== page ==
Instantly, unlike in Wright, we do have proof that "goods" were "stolen," i. e., Mr. Gorgol, as bailee, confirmed the unlawful taking of the motorbike. See discussion supra. Moreover, we have the testimony of an eyewitness (Ms. Kilgus) placing the appellant in possession (exercising dominion and control) of a motorbike that was the "same in color and make" as the one reported stolen by Mr. Gorgol. See Commonwealth v. Walters, 250 Pa. Super. 446, 378 A.2d 1232 (1977). At trial, Ms. Kilgus recounted that shortly before noon on the day of the theft she saw, from the front window of her home, the appellant and another male loading a yellow Suzuki motorbike into the trunk of a vehicle. Based on such testimony, the lower court concluded that "Harrison had possession of the bike." (Lower Court Opinion, at 3)

It being within the province of the trier of fact to believe all, part or none of the evidence presented, see Commonwealth v. Washington, 259 Pa. Super. 407, 393 A.2d 891 (1978), and to draw all reasonable inferences therefrom, Commonwealth v. Jones, supra, it is obvious that the trial judge, as the arbiter of fact, inferred that appellant had the power to control the stolen property from Ms. Kilgus' testimony that she observed appellant "actively participating" in removing a yellow Suzuki bike from his premises. See Commonwealth v. Roscioli, 454 Pa. 59, 64-65 n. 5, 309 A.2d 396, 399 n. 5 (1973); Commonwealth v. Walters, supra; see also Commonwealth v. Murray, 246 Pa. Super. 422, 371 A.2d 910 (1977). The Court finds no reason to disturb such ruling.

[ 289 Pa. Super. Page 135]

Since mere possession alone is not sufficient to prove theft, Commonwealth v. Turner, 456 Pa. 116, 317 A.2d 298 (1974); Commonwealth v. Bailey, 250 Pa. Super. 402, 378 A.2d 998 (1977), the Court must determine if the Commonwealth presented sufficient evidence from which it could be concluded that the appellant "intentionally receive[d], . . . or dispose[d] of movable property of another knowing that it ha[d] been stolen, or believing that it ha[d] probably been stolen . . . ." 18 Pa.C.S.A. ยง 3925(a).

Although the Commonwealth presented no direct proof of the appellant's guilty knowledge, this element may be established by circumstantial evidence. Commonwealth v. Henderson, 451 Pa. 452, 455, 304 A.2d 154, 156 (1973). Relevant considerations include:

"[T]he appellant's conduct; the appellant's relationship to the victim; the elapsed time between the appellant's possession and the theft; the situs of the theft and the situs of the possession; the kind of property; the quantity of the property; and the identifying characteristics of the property." (Citations omitted) Id.

Based on the preceding standard, we note that the appellant and the victim were neighbors. Next, the time lapse between the reported theft and appellant's possession of the stolen property consisted of about five hours, clearly "recent" under the holding of Commonwealth v. Williams, 468 Pa. 357, 362 A.2d 244 (1976).*fn6 Finally, the situs of the theft (Gorgol's patio) and the situs of the possession (Ms. Kilgus' driveway), were in close proximity to each other. At trial, additional circumstantial evidence was produced. For example, Mr. Gorgol testified that: a) his home was burglarized at the same time that the motorbike was stolen; b) he found his wife's empty wallet, which was taken the morning of the burglary, in a trash bag located outside of the appellant's home; c) he found tire tracks leading from his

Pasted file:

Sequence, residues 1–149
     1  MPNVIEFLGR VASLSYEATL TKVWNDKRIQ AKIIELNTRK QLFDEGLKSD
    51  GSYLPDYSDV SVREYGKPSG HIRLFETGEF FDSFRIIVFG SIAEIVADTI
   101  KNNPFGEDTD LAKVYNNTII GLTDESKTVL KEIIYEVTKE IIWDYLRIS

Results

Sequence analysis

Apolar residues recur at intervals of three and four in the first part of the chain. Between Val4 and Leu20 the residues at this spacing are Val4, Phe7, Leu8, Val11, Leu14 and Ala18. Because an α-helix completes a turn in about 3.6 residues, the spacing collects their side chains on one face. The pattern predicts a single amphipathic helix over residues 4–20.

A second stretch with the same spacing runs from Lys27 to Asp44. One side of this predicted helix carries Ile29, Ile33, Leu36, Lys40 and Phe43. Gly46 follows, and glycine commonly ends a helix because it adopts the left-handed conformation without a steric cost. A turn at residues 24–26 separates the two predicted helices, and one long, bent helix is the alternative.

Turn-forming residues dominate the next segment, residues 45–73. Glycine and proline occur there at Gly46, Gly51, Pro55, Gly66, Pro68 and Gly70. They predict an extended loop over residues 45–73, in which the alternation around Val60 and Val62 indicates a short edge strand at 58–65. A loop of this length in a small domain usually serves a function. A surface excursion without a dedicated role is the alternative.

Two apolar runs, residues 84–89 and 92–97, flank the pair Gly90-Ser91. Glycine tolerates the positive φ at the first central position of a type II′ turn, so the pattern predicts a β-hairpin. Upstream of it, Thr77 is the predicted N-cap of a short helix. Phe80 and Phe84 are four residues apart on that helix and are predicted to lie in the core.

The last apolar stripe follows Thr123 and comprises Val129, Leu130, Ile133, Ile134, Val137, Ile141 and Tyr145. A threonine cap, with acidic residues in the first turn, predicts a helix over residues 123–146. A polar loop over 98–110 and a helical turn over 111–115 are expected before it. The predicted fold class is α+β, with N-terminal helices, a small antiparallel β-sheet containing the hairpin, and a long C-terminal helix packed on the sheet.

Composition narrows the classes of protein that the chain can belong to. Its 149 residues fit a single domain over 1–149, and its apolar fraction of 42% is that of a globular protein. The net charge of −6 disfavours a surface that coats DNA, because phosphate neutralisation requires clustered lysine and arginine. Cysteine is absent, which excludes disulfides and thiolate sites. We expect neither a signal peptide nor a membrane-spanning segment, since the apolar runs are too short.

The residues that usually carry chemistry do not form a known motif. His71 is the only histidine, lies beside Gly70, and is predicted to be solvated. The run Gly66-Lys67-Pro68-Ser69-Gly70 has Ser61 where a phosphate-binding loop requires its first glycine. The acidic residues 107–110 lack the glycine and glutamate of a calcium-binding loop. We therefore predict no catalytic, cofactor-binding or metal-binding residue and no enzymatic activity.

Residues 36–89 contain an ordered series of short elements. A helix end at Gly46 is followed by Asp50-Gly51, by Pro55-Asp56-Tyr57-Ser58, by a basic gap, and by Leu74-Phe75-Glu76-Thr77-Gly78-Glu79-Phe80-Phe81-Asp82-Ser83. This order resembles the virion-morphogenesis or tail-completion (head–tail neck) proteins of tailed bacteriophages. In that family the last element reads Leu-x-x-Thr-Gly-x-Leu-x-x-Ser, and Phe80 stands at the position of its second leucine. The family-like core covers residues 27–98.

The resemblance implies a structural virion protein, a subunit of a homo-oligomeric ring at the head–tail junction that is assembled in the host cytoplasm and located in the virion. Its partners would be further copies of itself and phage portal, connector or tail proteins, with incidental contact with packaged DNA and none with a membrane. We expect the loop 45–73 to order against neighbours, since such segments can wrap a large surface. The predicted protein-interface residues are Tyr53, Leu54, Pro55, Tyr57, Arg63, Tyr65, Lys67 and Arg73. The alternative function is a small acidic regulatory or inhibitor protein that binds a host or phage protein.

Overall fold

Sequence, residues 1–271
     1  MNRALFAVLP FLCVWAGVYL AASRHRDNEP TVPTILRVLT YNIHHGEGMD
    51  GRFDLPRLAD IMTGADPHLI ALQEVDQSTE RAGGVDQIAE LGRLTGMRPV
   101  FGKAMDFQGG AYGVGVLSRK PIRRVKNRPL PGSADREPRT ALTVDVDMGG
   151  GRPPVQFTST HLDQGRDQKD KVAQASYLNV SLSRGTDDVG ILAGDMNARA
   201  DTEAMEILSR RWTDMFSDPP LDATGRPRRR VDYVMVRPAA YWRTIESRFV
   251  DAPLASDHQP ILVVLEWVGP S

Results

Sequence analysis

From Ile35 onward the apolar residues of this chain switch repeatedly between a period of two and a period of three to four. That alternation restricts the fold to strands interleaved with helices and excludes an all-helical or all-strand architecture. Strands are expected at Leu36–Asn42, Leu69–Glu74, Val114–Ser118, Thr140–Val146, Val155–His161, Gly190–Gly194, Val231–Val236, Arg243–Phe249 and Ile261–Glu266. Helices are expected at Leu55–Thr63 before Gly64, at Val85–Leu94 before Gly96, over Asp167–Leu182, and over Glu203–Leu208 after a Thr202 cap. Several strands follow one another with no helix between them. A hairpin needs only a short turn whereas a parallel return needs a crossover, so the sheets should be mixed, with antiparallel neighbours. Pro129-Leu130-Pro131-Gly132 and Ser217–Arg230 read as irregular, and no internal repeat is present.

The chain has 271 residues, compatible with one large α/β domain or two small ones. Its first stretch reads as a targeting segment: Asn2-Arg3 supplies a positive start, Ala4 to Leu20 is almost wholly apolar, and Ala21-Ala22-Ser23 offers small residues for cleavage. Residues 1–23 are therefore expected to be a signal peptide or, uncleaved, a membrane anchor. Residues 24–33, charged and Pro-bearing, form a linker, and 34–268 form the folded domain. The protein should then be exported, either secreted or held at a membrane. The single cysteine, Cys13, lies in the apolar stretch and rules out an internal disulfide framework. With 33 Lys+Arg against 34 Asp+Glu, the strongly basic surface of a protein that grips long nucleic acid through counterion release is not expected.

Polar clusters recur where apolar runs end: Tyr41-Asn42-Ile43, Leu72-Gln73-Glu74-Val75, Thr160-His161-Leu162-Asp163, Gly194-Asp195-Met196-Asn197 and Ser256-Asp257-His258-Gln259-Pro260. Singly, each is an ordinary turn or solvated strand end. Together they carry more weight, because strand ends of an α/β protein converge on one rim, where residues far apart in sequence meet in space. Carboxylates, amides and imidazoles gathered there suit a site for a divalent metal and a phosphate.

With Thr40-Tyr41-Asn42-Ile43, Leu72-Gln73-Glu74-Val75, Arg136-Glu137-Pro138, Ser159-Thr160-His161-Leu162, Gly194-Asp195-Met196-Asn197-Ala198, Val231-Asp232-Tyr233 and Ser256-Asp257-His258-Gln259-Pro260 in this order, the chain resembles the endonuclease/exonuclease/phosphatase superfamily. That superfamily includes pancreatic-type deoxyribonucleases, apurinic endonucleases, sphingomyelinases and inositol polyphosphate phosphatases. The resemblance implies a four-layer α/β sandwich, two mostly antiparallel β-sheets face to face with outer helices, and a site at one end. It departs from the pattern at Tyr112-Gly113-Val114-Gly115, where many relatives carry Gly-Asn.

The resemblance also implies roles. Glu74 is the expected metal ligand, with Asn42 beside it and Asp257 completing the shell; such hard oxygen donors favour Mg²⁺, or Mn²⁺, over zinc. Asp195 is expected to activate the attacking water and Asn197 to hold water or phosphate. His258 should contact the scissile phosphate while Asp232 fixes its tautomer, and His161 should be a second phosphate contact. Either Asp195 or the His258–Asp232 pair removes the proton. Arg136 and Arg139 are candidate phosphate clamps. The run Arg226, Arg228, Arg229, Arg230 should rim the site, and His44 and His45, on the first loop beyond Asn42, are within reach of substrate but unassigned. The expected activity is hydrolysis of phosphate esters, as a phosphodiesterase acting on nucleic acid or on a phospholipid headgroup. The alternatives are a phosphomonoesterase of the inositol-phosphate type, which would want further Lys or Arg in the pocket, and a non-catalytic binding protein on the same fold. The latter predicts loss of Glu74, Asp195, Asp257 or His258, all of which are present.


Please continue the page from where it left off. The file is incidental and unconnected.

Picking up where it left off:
[ 289 Pa. Super. Page 136]

    patio to appellant's residence; and d) the motorbike was discovered in a creek situated behind his home a week after it was stolen. See Commonwealth v. Williams, supra.

Although a conviction cannot rest upon mere presence near the scene of the crime or upon mere suspicion or conjecture, the Commonwealth's burden may be met entirely by circumstantial evidence, and it is sufficient if the circumstances are consistent with criminal activity even though they might likewise be consistent with innocent behavior. Commonwealth v. Lovette, 271 Pa. Super. 250, 413 A.2d 390 (1979).

It is true that no one testified to having seen the appellant enter Gorgol's home or remove the motorbike from the patio. However, the evidence of the bike tracks, the location of the discarded wallet, the appellant being seen in possession of the stolen property within a few hours after the burglary at a situs contiguous to the victim's home, when viewed in toto, was sufficient evidence from which the fact-finder could have reasonably inferred that the appellant had committed the theft. See Commonwealth v. Henderson, supra; Commonwealth v. Price, supra; see also Commonwealth v. Simmons, 233 Pa. Super. 547, 336 A.2d 624 (1975); cf. Commonwealth v. Courts, 468 Pa. 613, 364 A.2d 684 (1976) (circumstantial evidence can be used to prove the Commonwealth's case, since it can be as reliable and persuasive as eyewitness testimony). As we reiterated in Commonwealth v. Adams, supra :

"'. . . it is not necessary that each piece of evidence be linked to the [defendant] beyond a reasonable doubt. It is only necessary that each piece of evidence include the [defendant] in the group who could be linked while excluding others, and that the combination of evidence link the [defendant] to the crime beyond a reasonable doubt.'" Id. 234 Pa. Super. at 394, 338 A.2d at 645.

We find that the evidence was sufficient to support the lower court's finding of guilt.

Judgment of sentence affirmed.